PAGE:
Sociology is a highly interdisciplinary field; majors explore a variety of factors that affect the relationships between individuals, institutions and society. Three possible job titles for graduates include market research analyst, probation officer and public relations specialist.
What Can You Do With a Sociology Major?
An undergraduate program in sociology includes a broad range of course topics that prepare students for a variety of careers or to continue their studies in sociology or social work graduate programs. Those who've majored in sociology may pursue careers in fields such as:
- Human services
- Criminal justice
- Social work
Career Options for Sociology Majors
Most sociologist positions require one to have at least a master's degree, but those with a bachelor's degree in sociology may work in assistant or research positions, among other jobs. Within these programs, students may have the opportunity to customize their program to match their career goals. Here are some details about a few specific career options for sociology majors:
Market Research Analyst
Market research analysts evaluate data and market trends in order to forecast and predict product sales for a company. They may examine customer demographics, research competitors and analyze prices. Based on their results, they prepare reports that can be used by individual clients or companies for making key financial decisions. Sociology students wishing to enter this career may choose to take additional courses in subjects like:
- Research methods
- Economic sociology
- Comparative capitalism
The U.S. Bureau of Labor Statistics (BLS) predicts that employment of market research analysts will increase by 19% from 2014-2024, which is much faster than the national average. The BLS also reported that market research analysts and marketing specialists earned an average salary of $70,620, as of May 2016.
Probation officers assist in the rehabilitation of criminal offenders who are put on probation instead of being sent to jail. They evaluate offenders and write court reports, ensuring that offenders are meeting the requirements of their probation. In addition, they often help connect individuals with valuable community resources, like job training and substance abuse counseling. Sociology courses that could benefit future probation officers may cover topics such as the following:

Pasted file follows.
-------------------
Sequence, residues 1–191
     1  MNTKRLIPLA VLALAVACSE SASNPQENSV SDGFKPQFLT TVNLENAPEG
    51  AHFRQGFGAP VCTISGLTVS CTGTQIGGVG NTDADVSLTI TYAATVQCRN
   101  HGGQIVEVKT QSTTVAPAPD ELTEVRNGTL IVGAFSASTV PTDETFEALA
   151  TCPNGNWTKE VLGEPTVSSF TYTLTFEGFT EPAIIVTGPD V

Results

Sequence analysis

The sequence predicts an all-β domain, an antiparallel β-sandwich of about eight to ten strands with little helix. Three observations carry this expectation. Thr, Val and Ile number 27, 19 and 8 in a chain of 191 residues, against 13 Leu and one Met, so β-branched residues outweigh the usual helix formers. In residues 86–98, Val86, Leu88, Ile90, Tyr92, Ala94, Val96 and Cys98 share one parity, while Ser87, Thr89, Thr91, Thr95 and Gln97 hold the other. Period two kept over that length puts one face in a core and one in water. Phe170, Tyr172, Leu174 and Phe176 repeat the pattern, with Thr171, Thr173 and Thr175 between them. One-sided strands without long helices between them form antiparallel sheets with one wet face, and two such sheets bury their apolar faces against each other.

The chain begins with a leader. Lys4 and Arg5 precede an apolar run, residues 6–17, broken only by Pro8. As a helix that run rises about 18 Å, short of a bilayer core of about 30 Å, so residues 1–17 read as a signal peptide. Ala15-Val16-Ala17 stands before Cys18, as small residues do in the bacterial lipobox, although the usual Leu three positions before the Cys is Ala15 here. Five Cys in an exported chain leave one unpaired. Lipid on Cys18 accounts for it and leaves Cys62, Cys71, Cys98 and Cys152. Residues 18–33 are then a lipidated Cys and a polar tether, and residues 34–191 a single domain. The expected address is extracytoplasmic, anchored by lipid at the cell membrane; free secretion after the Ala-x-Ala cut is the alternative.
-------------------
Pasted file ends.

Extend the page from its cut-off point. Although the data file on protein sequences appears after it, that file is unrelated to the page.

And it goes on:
- Sociology of punishment
- Discrimination and stigma
- Law and society
- Social stratification and inequality
- Welfare regimes
- Race and identity
The BLS has predicted that employment of probation officers will increase 4% between 2014 and 2024. This slower-than-average increase may be due to limited government funding. These workers earned an average salary of $55,380 in May 2016.
Public Relations Specialist
A public relations specialist helps to manage the public image of a client or product. They may do this by scheduling public appearances, writing press releases, drafting speeches and communicating with the media. Within companies, they work with advertisers to make sure that promotional campaigns align with the public relations message, and more than ever, they use social media to execute their work. To prepare for this job, sociology majors may wish to take courses in:
- Professional communications
- Business practices
- Organizational failure and success
- Media, society and culture
Employment of public relations specialists is predicted to increase by 6% from 2014-2024, according to BLS data. In May 2016, the average salary for a public relations specialist was $66,540, per the BLS.
About the Sociology Major
Sociology majors learn about family, race, culture and social movements, among other topics relating to human behavior. This major is often based around research and strives toward a greater understanding of human social behavior, whether throughout ancient history or recent developments in small American societies.
Because sociology is a subject that evolves with the times, so does the major. Students are often required to go out in the community and observe school and living conditions. Regardless of future career goals, general sociology courses may include:
- Sociological theory
- Sociology of death
- Sociology of medicine
- Issues in education
- Population dynamics
- Deviant behavior
- Wealth and poverty
- Cultural anthropology
- Environmental issues
Sociology majors can find many different jobs after they graduate, including market research analyst, public relations specialist and probation officer. Sociology students who wish to pursue these positions may choose specific courses that provide relevant preparation.